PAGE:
First, while you read about these experiments try to remember that every hour of every day between 100,000 and 125,000 similar experiments are going on in laboratories around the world.

Second, if you want to know what experiments are being conducted at universities or other institutions near to where you live just get in touch with your nearest antivivisection society.

Third, do not forget that most (if not all) of these experiments were conducted on your behalf and with your money.

1. British researchers blinded two domestic tabby kittens by sewing up their conjunctivae and eyelids. The kittens were then placed in a special holder and horseradish peroxidase was injected into their brains. The kittens were then killed.

2. Three researchers conducted an experiment in which female hamsters were distracted with sunflower seeds so that their babies could be removed from the nest a few hours after birth.

Under 'hypothermic anaesthesia' the baby hamsters had their left eyes removed. They were then returned to their mothers. The scientists used fiftynine golden hamsters in this experiment and removed the left eyes from 'about half'.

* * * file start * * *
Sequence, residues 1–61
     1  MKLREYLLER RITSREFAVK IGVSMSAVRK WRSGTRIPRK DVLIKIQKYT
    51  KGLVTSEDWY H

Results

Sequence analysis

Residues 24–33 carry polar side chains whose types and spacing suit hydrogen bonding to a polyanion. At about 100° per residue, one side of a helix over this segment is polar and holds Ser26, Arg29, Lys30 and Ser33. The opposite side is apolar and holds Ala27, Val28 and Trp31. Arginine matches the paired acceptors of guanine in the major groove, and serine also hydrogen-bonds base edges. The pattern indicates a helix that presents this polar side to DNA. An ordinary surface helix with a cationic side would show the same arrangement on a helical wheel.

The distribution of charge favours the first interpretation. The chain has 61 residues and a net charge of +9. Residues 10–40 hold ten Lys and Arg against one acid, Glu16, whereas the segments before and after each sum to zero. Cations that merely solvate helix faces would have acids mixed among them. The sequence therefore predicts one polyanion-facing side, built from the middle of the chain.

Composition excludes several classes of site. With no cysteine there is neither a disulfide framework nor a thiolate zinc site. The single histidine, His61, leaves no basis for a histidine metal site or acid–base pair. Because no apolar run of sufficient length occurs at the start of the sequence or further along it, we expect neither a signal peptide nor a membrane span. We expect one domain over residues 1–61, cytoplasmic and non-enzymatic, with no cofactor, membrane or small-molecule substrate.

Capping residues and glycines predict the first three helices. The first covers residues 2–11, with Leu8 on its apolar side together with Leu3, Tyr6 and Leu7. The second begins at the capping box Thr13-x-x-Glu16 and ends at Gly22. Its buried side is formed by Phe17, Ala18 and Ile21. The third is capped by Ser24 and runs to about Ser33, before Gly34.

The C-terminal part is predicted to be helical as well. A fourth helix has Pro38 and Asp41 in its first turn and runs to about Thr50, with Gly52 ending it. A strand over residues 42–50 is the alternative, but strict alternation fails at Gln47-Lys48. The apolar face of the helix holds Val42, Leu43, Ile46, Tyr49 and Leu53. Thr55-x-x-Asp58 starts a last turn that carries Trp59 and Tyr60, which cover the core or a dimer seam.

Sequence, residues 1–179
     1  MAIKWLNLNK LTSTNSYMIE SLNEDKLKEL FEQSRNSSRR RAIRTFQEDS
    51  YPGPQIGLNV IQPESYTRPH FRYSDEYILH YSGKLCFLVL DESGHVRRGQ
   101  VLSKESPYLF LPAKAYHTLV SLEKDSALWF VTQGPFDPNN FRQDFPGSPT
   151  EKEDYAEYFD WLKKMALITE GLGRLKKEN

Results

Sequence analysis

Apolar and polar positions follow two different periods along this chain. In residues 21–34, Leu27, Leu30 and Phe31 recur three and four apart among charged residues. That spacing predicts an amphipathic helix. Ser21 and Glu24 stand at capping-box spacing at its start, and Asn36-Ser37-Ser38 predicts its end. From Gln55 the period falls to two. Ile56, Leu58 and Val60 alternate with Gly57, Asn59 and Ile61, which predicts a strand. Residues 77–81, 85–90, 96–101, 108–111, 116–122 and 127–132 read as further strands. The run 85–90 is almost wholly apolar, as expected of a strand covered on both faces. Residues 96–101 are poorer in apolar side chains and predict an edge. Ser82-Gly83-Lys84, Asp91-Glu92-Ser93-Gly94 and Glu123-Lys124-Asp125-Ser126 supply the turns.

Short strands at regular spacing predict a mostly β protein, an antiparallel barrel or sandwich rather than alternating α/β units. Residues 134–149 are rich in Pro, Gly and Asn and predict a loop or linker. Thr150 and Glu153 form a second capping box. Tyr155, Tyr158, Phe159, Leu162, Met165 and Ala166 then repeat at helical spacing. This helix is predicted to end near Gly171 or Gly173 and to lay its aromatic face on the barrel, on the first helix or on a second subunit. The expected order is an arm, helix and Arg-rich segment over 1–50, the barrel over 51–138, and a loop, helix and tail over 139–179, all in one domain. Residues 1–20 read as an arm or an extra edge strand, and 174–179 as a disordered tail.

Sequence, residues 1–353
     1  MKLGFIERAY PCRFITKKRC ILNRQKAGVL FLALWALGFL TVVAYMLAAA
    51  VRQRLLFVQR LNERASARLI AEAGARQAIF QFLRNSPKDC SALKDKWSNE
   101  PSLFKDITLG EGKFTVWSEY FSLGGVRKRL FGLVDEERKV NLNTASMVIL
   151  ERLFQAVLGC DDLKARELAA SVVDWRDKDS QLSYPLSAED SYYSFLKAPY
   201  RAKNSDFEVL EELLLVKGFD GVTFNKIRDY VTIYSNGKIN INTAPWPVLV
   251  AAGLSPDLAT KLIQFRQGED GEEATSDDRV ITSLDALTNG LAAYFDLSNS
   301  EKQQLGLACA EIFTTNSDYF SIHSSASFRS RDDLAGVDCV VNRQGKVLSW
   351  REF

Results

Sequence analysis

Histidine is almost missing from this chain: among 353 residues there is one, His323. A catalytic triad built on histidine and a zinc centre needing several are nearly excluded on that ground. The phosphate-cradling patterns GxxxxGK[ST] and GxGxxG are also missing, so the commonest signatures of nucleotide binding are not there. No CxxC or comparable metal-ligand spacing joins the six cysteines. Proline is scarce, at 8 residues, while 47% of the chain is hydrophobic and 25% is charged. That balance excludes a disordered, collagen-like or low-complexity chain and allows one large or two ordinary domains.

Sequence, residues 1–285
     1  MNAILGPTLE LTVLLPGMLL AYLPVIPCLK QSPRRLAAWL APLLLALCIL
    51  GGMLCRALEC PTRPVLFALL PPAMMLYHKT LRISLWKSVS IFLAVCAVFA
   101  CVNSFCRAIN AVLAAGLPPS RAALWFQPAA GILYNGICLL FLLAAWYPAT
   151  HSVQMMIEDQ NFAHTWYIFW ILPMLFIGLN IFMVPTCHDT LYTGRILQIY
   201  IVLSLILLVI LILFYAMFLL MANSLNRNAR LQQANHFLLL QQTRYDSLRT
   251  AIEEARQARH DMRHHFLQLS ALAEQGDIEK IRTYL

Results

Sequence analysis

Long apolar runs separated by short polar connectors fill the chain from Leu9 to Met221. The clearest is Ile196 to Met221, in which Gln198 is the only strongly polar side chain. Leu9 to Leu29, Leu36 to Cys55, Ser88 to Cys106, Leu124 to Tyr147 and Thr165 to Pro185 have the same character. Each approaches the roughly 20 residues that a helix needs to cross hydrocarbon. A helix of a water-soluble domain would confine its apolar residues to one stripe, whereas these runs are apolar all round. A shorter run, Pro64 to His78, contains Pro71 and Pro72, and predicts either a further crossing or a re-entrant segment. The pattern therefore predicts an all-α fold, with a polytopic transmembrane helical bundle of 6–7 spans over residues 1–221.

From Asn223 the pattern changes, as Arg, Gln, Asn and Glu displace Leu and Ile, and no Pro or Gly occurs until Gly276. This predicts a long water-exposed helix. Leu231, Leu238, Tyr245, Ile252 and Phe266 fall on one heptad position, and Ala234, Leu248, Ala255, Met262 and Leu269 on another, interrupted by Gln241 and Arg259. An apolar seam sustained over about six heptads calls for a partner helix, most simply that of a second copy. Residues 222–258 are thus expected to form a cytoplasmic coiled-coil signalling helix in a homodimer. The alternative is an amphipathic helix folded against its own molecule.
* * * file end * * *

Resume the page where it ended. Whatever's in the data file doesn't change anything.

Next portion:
3. At the United States Armed Forces Radiobiology Research Institute in Bethesda, Maryland, a researcher spent nine weeks forcing thirtynine monkeys to run on a cylindrical treadmill known as an 'activity wheel'. If the monkeys failed to run for long enough they got an electric shock.

4. Researchers funded by the UK Medical Research Council gave ferrets a drug that made them vomit at between half minute and five minute intervals. The researchers gave the ferrets another drug and concluded that under some circumstances the ferrets did not stand up to vomit and that under the influence of the second drug their vomiting was less forceful.

5. Three adult female cats were selected for a Welsh laboratory experiment because they were very docile. Wires from the cats' eyes were connected to a device held in place on the cats' skulls with self-tapping stainless steel screws. The cats were kept awake and their eye movements measured while their bodies were rotated and tilted and stimulated in other ways.

6. American researchers separated young kittens from their mothers to see what effect this had. At the end of the experiment the scientists concluded that separated kittens cried more than those who remained in close contact with their mothers. The scientists added that the crying seemed to denote stress.